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Opinion | To Survive Disaster, Plan for the Worst

“We’ve learned in other areas of development to be more sophisticated in our use of financial instruments,” Dr. Dercon said. “Somehow in the humanitarian space we just never embraced this. The humanitarian sector has lots of really good people, but it’s built around the emotion of helping people in need.”

How we react to disasters matters more than ever. This year, 168 million people will need disaster assistance, a record high. Mr. Lowcock said that in two years, that could rise to 200 million people. He said the main reasons for the increase are droughts and floods related to climate change, large outbreaks of infectious disease (often related to climate as well) and protracted violent conflicts — which are increasingly killing children, he said.

New research shows that how we respond — or not — to a disaster can follow people for the rest of their lives. A 2017 World Bank report found that prosperous countries are the ones lucky enough to avoid crises that set them back. Just as a fall can permanently damage the health of an older person, conflict, drought or epidemic can permanently make a country poorer.

Drought, particularly, is crippling, because it creates lasting malnutrition, leading to permanent cognitive and physical damage. Researchers found that without relief, a drought causes a 4 percent drop in the income of affected people — for the long term. And a speedy response is crucial. “A response time that is one month quicker has a benefit of 0.8 percent of income per capita in the long run,” the study says.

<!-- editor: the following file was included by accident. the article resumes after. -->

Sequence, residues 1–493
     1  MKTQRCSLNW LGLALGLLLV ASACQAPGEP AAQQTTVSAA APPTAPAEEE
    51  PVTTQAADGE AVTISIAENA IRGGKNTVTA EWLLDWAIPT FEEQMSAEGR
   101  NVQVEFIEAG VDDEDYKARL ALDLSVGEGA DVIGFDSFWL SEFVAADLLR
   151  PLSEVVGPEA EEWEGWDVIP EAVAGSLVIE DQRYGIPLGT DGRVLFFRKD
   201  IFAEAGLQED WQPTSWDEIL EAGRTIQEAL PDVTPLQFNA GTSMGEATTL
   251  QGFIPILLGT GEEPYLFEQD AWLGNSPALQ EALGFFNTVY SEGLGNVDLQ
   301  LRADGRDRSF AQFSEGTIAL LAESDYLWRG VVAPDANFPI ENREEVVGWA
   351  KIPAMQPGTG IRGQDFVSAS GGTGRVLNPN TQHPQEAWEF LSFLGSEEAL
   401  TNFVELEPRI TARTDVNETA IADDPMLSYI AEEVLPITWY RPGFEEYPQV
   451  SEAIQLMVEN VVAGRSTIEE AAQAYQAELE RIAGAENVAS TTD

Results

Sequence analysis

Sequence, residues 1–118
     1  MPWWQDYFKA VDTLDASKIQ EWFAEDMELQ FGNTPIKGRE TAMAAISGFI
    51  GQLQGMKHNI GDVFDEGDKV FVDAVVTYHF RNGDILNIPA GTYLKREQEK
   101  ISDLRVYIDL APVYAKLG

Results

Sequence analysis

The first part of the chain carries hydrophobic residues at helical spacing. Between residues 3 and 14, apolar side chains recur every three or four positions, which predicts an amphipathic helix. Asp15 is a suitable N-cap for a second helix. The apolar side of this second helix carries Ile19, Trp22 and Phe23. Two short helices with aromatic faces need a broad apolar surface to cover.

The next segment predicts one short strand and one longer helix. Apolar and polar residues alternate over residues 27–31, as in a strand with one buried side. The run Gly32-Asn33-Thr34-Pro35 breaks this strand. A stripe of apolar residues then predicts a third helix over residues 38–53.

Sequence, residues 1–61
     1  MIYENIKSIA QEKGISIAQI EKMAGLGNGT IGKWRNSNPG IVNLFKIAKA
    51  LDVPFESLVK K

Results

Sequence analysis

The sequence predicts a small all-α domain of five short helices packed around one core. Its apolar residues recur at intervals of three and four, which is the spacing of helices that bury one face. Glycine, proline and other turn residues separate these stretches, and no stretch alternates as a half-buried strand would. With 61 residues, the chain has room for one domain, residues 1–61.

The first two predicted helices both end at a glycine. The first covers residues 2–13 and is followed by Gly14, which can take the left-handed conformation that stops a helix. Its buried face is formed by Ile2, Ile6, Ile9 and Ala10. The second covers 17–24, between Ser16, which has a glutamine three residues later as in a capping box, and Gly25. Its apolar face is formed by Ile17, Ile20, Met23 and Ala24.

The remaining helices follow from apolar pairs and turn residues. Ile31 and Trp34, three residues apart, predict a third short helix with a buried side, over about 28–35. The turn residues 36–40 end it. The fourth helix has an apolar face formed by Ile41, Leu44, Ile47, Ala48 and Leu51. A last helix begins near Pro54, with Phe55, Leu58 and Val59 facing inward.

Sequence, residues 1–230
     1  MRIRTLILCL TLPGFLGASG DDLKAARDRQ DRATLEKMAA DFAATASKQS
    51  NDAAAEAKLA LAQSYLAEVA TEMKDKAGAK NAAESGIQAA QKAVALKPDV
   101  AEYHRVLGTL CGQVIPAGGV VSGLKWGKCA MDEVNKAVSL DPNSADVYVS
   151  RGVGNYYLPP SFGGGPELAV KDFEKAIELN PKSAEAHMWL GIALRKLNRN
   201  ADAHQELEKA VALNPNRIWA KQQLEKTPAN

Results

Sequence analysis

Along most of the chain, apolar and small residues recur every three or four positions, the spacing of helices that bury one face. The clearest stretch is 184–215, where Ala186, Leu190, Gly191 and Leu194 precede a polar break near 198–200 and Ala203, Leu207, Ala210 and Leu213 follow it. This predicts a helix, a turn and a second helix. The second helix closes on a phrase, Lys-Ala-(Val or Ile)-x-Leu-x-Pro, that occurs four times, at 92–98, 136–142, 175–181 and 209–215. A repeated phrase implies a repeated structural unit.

There is wide agreement on the value of having money set aside, a plan for what to do and agreement on what triggers action. But what’s needed to get that done isn’t always present. Mr. Lowcock gave the example of drought in Somalia: It’s not enough to predict hunger and famine. “We need to know at the village level who are the most vulnerable,” he said. “We’re trying to build models to answer that question for us.”

U.N. agencies are getting creative with the challenge of knowing when to help. Rebeca Moreno Jiménez, the U.N. refugee agency’s first data scientist, recently traveled to Ethiopia to interview Somali refugees, hoping to identify something measurable that can signal relief is needed. What she found was the price of goats. Refugees told her that before people flee, they sell their goats, which are too fragile to make the trip. So the crash in goat prices that would accompany a mass sell-off means people are getting ready to move. We know they will end up in Ethiopia several days later.

This work is still experimental. “We are bothering our colleagues in the Food and Agriculture Organization,” she said. “Every month, we’re asking for goat prices in Somalia.” Her program has now established an interagency dashboard where everyone can track the prices F.A.O. posts.

“Cynical people think politicians are prompted to action only when they see the starving kid in the street,” Mr. Lowcock said. “But when I talk to politicians and confront them with the fact that we can anticipate problems better than that, they get it. That’s why my fund is bigger this year than last and we are able to fund more experiments. No one wants to see a starving kid on the street and think, ‘If we’d done something earlier, we might have been able to stop that.’”

Tina Rosenberg won a Pulitzer Prize for her book “The Haunted Land: Facing Europe’s Ghosts After Communism.” She is a former editorial writer for The Times and the author, most recently, of “Join the Club: How Peer Pressure Can Transform the World” and the World War II spy story e-book “D for Deception.”

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